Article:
Dairy cows need a diet that will provide both fiber and energy. This is usually met by using wet forages such as silage and hay.
Most dairy cows are fed a total mixed ration (TMR) that includes forages, byproducts, minerals, and vitamins. Working with a nutritionist is critical to make sure that the cow’s nutrient requirements are met and feed costs are minimized.
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Dairy cows require high levels of protein in order to build and maintain their body tissues as well as support milk production. For this reason, ensuring adequate protein in the diet is very important. However, protein is not the only factor that influences a cow’s feed intake. Many other factors influence how much a cow will eat, and a dairy producer must keep these in mind to maximize feed utilization, reduce waste of nutrients, and increase milk production.
One of the largest factors influencing feed intake is the type of forage the cows eat. While hays are the most common forage source in the United States, silages have gained popularity over the past 20 years due to their improved nutritional value. Silages are fermented grasses and legumes that can be stored for months to improve nutrition and the ability to be used in harsh winter climates.
Another major factor affecting feed intake is the energy density of the ration. The lower the energy content of the ration, the less the cow will eat. In order to improve energy density, producers often add grain or fat to the ration. However, these additions can lead to metabolic disturbances such as rumen acidosis and low milk and milk fat production.
A final factor influencing feed intake is environmental factors such as temperature and humidity. Heat stress can cause cows to eat less, particularly in the pre-fresh and dry periods. Providing adequate shade over feed bunks, free stalls, and holding pens can help alleviate this problem. Providing enough water sources to prevent one cow in the group from blocking all of them is also important.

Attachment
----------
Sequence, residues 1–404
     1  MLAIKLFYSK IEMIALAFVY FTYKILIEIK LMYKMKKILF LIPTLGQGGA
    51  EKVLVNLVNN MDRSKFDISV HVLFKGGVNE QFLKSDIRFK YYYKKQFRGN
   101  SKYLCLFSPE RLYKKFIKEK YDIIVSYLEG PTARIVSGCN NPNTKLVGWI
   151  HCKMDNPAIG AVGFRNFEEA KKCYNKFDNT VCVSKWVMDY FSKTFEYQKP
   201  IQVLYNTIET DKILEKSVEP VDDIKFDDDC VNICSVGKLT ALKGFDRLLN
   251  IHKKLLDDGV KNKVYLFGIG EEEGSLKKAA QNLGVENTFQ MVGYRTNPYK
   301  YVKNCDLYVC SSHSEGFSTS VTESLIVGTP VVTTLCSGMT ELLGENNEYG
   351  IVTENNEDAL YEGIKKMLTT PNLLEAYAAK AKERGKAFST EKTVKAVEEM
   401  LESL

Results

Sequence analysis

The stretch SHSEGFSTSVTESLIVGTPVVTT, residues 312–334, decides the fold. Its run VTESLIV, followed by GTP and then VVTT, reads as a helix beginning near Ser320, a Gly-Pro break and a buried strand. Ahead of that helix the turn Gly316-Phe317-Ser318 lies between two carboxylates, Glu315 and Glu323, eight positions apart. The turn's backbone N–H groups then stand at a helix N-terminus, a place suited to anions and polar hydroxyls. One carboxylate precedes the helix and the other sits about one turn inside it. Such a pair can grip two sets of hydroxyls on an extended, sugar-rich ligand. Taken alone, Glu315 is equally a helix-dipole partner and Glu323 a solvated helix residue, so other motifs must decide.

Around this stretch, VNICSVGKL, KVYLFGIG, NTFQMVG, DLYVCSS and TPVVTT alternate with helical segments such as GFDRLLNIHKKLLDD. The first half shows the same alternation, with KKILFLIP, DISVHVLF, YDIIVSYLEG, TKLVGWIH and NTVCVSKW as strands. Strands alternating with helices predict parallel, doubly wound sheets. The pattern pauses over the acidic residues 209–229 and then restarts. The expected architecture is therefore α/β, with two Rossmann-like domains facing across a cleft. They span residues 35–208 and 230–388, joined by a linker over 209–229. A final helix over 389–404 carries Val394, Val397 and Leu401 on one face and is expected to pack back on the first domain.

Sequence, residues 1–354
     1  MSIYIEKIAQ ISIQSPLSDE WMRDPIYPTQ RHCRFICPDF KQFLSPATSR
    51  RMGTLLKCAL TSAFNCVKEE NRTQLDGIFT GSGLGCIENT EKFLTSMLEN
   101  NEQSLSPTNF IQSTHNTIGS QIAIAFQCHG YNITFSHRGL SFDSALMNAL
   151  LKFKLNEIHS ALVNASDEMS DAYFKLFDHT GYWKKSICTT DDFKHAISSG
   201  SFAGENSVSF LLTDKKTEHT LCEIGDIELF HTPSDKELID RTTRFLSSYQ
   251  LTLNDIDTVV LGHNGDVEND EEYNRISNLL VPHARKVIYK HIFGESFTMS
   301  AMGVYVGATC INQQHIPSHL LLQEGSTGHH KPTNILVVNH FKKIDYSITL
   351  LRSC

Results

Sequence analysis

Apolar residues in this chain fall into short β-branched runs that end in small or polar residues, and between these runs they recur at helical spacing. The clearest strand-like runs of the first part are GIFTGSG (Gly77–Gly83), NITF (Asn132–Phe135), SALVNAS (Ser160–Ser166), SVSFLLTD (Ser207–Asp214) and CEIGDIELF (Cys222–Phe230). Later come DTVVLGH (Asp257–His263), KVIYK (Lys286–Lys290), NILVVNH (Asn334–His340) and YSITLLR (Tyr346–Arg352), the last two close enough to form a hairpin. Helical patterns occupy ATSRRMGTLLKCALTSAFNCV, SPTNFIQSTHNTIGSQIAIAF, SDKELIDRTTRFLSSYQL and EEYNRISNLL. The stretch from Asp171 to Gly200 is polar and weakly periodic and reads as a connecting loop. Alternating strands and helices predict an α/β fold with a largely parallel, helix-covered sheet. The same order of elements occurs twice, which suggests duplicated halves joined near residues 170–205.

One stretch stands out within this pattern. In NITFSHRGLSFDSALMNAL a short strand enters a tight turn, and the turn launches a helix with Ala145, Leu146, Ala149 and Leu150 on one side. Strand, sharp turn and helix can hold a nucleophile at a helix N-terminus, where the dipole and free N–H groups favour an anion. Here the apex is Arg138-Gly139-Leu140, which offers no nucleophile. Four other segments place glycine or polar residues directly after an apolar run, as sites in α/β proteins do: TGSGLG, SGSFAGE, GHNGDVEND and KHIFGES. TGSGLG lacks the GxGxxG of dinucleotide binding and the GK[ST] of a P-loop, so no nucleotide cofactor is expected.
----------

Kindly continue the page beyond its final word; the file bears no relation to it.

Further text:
Dividing the herd into groups based on milk production or reproductive status is a common strategy for optimizing feed intake. This allows the ratio to be tailored more closely to the nutrient requirements of the group. It also helps reduce wasted nutrients such as nitrogen and phosphorus that are excreted in the manure.
A dairy cow is a ruminant animal and requires an adequate supply of fat in her diet. A typical ration will contain 3%-4% fat, but as the lactation progresses the cow will need more and more. The supplemental fat should be a rumen-inert source such as prilled soybean, canola, or flax oil.
The fat in the ration is used for energy and to meet the requirement for the essential fatty acids needed for the mammary gland to function. In addition, the fat in a cow’s diet helps to control her body temperature.
In order for the cow to meet her nutrient requirements it is important that she have a social structure that encourages feeding. Cows that are reluctant to eat and have poor feed conversion may be at risk of negative energy balance and poor milk production. A low energy intake can also result in subclinical and clinical diseases.
Feeding groups have been shown to improve cow health and production by promoting feed intake. Typically, the herd is divided into high, medium, and low production groups based on milk yield. It is important that the rations fed to these groups match their daily production. A nutritionist can help formulate these rations to reduce the likelihood of a mismatch between dietary demand and supply.
It is important to limit differences in concentrate dry matter proportions between group feedings to not exceed 10-15% between groups. This will help to avoid over-excretion of nutrients in the rumen and improve the efficiency of a ration. Ideally, cows should be grouped according to their peak milk production and fed a ration designed to meet their daily protein requirements. This is called lead feeding.
Dairy cows are ruminants, which means they have an extraordinary capacity to consume and digest plants. They spend about 8 to 14 hours every day lying down and chewing their food into smaller and smaller bits before it is absorbed in the rumen and passed to the small intestine for further digestion.
A dairy cow requires a diet that can provide enough energy to support her milk production and maintain health through stressful periods of time such as pregnancy, calving, and post-partum recovery. Energy is supplied primarily from carbohydrate feed ingredients. The amount of energy a cow eats depends on the type and quality of the carbohydrates she receives and her dietary and environmental conditions.